At the beginning of this year, some VC investors celebrated “record” levels of investment for female-founded startups in the United States: 2.8%, up from 2% a year earlier.
Progress is progress, but there is clearly a long way to go until female entrepreneurs are operating on a level playing field as their male counterparts. And anytime the numbers seem to be moving in the right direction, it seems to be short-lived. Recent data from Pitchbook shows that even before the coronavirus pandemic hit, the first few months of 2020 were proving to be a setback for female founders. Startups founded by women made up seven percent of all VC deals in the first quarter of 2019, but that number dropped to just over four percent in the first quarter of 2020.
This gap is far, far worse for women of color. According to ProjectDiane, a biennial study of Black women founders in the US, the amount of venture or angel funding received by startups led by Black women since 2009 is still just .0006% of the more than $400 billion in total tech venture funding raised in the same period.
In recent years, we’ve seen an acceleration in the creation of new funds, incubators, and initiatives focused on increasing the amount of investment that goes to female founded companies. Here are a few things that we can do to unleash the power of female-led entrepreneurs.
Accelerators: Be conscious of investors’ implicit bias
Incubators and accelerators play a key role in connecting founders and funders. They are in an ideal position to close the gender finance gap, especially in early-stage entrepreneurship.
So, it’ll probably surprise you - as it surprised us - that accelerators are having exactly the opposite impact. In research we conducted with the IFC’s Women’s Entrepreneurship Finance Initiative last year, we found that accelerators are actually widening the gender financing gap.
The simplest way to think about it is this: accelerators are great at helping entrepreneurs meet potential investors. But those investors come into those meetings with their own implicit biases and assumptions about what they’re looking for; biases that can work against female founders, and especially female founders of color. When women enter into rooms to pitch their company, they do not look like the people that they are pitching to. One report found that only 8% of partners in the top 100 venture capital firms are female. Similar-to-me effect indicates that people will show more favoritism towards others who are like them, which is often demonstrated when women attempt to gain VC funding.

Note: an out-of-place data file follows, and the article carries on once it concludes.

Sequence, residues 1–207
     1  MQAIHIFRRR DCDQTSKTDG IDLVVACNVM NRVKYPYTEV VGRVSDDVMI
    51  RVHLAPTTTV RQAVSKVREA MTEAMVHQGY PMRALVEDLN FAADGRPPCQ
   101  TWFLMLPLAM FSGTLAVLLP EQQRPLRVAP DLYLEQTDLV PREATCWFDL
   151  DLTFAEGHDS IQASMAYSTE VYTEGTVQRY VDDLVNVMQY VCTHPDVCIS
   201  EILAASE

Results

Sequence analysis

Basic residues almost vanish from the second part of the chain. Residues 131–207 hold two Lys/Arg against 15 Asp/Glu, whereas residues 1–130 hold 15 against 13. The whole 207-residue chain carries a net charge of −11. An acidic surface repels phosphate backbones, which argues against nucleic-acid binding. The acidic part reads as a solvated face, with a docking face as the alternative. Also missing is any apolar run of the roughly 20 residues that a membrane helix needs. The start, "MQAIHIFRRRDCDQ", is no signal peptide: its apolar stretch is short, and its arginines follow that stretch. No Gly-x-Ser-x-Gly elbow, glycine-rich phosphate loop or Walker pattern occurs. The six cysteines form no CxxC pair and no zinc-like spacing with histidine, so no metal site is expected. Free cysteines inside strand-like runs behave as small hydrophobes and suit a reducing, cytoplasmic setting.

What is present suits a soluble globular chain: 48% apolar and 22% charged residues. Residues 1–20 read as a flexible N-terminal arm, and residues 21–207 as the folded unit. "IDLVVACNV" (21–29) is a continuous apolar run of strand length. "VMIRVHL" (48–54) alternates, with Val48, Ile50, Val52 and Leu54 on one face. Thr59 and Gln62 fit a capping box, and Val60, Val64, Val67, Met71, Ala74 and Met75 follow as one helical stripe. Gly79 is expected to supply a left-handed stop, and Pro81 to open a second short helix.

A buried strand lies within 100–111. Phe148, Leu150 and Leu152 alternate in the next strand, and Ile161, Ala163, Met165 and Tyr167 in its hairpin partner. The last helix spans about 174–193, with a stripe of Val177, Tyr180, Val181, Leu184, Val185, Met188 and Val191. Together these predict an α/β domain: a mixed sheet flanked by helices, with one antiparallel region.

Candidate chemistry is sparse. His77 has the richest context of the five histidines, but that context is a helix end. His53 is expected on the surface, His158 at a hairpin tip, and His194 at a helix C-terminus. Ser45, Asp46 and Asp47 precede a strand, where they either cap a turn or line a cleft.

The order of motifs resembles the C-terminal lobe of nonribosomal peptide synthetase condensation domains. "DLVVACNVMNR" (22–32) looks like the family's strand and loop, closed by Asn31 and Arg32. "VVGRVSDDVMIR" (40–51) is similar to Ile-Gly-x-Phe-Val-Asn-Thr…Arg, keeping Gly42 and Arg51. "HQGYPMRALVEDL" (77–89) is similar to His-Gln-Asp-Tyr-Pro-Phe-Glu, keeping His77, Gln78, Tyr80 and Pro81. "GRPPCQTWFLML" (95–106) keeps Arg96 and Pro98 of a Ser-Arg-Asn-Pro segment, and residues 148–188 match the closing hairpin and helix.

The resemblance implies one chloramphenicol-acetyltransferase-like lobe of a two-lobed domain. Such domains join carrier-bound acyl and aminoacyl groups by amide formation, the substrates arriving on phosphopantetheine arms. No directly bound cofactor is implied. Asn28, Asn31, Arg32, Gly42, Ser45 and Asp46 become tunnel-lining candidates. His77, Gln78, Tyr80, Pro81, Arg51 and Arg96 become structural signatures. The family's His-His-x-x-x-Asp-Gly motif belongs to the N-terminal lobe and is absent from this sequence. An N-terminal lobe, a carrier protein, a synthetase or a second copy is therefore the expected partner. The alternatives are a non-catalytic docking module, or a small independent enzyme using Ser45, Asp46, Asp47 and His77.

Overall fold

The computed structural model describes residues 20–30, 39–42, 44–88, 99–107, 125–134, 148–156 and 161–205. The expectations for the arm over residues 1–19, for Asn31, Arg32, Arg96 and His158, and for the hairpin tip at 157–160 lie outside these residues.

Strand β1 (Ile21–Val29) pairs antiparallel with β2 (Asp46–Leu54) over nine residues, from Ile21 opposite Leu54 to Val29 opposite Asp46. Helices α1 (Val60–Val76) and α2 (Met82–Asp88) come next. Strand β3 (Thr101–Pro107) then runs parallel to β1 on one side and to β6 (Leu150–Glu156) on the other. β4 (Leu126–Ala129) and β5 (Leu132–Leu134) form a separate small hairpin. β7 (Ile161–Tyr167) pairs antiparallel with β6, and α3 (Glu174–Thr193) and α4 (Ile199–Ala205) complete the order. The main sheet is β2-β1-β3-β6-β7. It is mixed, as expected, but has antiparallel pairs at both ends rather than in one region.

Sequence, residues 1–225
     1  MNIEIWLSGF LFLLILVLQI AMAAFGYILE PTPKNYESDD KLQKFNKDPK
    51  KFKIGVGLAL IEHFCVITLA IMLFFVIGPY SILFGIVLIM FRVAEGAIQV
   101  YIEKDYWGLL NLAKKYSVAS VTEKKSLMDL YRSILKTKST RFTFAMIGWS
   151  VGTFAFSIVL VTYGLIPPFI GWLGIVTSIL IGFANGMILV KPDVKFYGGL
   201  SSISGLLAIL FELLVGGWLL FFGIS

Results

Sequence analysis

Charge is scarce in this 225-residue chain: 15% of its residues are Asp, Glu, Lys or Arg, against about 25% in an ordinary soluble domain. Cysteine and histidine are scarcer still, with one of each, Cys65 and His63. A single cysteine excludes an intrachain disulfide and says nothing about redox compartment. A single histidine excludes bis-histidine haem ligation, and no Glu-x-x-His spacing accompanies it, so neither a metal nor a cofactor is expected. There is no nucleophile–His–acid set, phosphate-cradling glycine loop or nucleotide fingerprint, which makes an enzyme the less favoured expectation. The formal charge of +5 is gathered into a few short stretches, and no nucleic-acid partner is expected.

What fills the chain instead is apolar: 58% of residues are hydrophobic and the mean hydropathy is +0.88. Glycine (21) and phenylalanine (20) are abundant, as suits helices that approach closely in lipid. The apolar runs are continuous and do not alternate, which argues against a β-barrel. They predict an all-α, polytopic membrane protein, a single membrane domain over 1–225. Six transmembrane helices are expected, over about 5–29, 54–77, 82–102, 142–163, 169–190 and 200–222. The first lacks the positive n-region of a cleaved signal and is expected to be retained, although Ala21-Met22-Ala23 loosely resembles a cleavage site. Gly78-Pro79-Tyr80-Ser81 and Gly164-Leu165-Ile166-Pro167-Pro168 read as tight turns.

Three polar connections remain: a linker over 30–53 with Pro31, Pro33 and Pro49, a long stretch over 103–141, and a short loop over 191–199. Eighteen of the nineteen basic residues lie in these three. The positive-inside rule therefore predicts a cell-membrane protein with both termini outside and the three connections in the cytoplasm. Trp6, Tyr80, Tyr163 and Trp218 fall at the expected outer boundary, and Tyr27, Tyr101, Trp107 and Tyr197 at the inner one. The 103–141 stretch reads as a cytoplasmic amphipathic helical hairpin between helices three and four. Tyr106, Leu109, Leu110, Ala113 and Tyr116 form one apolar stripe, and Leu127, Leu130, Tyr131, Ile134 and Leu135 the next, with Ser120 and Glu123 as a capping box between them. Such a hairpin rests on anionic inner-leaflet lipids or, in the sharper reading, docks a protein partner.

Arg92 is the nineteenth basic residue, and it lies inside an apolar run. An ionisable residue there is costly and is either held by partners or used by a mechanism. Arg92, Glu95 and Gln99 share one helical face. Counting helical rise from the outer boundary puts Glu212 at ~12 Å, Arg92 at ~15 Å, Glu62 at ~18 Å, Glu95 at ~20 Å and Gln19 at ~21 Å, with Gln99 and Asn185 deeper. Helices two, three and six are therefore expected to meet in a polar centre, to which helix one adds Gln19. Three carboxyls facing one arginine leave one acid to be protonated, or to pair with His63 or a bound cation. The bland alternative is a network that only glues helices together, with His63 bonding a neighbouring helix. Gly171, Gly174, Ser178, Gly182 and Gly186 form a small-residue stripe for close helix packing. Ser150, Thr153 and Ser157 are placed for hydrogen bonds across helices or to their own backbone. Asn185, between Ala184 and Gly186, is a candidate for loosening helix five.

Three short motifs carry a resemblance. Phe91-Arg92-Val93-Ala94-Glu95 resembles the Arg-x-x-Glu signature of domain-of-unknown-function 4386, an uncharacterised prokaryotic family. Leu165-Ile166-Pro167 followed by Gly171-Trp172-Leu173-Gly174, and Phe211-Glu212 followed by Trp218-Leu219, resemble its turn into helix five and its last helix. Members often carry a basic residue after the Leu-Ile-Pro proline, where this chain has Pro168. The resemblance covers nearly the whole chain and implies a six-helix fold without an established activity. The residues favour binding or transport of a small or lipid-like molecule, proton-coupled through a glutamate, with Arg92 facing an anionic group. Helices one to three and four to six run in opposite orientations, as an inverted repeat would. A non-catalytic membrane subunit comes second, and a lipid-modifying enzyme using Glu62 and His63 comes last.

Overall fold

By supercharging the number of these investor-entrepreneur meetings, traditional accelerator programs are also unintentionally supercharging the opportunities for bias to play out. It’s an important wakeup call that accelerators can - and must - do more to support female-led companies.
One solution: peer-selected investment. Since 2009 we’ve been running accelerators with a twist: entrepreneurs collectively decide which of their peers receive VC funding. Last year an Emory University study found that this peer-review process mitigates bias against female entrepreneurs, and is just as effective at predicting company success as traditional investment processes. We’ve started licensing our model to incubators and accelerators around the world; for instance, WePOWER in St. Louis recently used the peer-review model for their program focused on Black and Latinx founders building businesses that create living-wage jobs for community members living in poverty.